Rules for Bisley
Categories: Rewarding, Large
Also Known As:
Bisley is among those interesting games in which the entire deck is laid out,
face up, at the start of the game. You can do as much planning as you like,
for no information about the game is denied you.
Bisley needs some thought, but is a fairly easy game to beat.
Once you’ve mastered its principles,
you can expect to win more than half of your games.
Separate out the four Aces, and place them in a vertical row to start the foundations.
There are four more foundations to the left of the Aces, which start out empty.
Shuffle the remaining cards and lay them out face up in 13 tableau piles,
four with three cards each and nine with four cards each.
Top cards of tableaus are available for building on each other,
and on the foundations. Tableaus build up or down in suit;
empty tableaus are never filled.
The four foundations that started with Aces build up in suit.
Kings may be played to the empty foundations, which build down in suit.
Each suit therefore has two foundations, one that starts with Ace and one with King.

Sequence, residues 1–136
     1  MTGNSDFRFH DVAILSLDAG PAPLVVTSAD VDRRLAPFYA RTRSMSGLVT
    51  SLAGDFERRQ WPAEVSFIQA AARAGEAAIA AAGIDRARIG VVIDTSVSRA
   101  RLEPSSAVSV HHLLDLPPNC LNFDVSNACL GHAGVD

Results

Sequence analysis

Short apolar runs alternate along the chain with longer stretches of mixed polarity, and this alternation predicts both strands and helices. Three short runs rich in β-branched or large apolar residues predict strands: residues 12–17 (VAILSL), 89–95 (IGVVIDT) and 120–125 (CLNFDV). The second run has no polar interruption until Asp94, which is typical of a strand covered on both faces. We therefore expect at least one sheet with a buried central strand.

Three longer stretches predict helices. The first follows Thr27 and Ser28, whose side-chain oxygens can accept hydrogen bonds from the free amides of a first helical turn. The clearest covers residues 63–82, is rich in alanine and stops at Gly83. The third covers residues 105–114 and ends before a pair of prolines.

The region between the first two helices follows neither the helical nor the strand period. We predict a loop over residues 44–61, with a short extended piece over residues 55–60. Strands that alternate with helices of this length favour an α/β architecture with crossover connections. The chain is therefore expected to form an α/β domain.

The goal is to move all cards to the foundations.
(It looks odd to win a game with fewer than 13 cards in each of the foundation piles,
but this is normal in Bisley:
the 13 cards of each suit will be divided between the suit’s two foundations.)
Don’t put (for example) the 9 of Hearts onto a pile that already contains the 8 and 10 of Hearts.
You will be stuck, because there will be noplace left for you to move the 9 to,
and it will block the 8 and 10 so that you can’t move them onto any foundation.
If you have (for example) the 4, 5, and 6 of Spades in sequence, and the
7 of Spades in another pile, think twice before adding the 7 onto the 6.
By keeping the 7 separate, you keep the option of going the other way
and rolling the 4, 5, and 6 onto the 7. Obviously there will often be times
when you’ll need to move the 7 to unblock an important card underneath it;
just don’t give up your options without a good reason.
by Semicolon Software.
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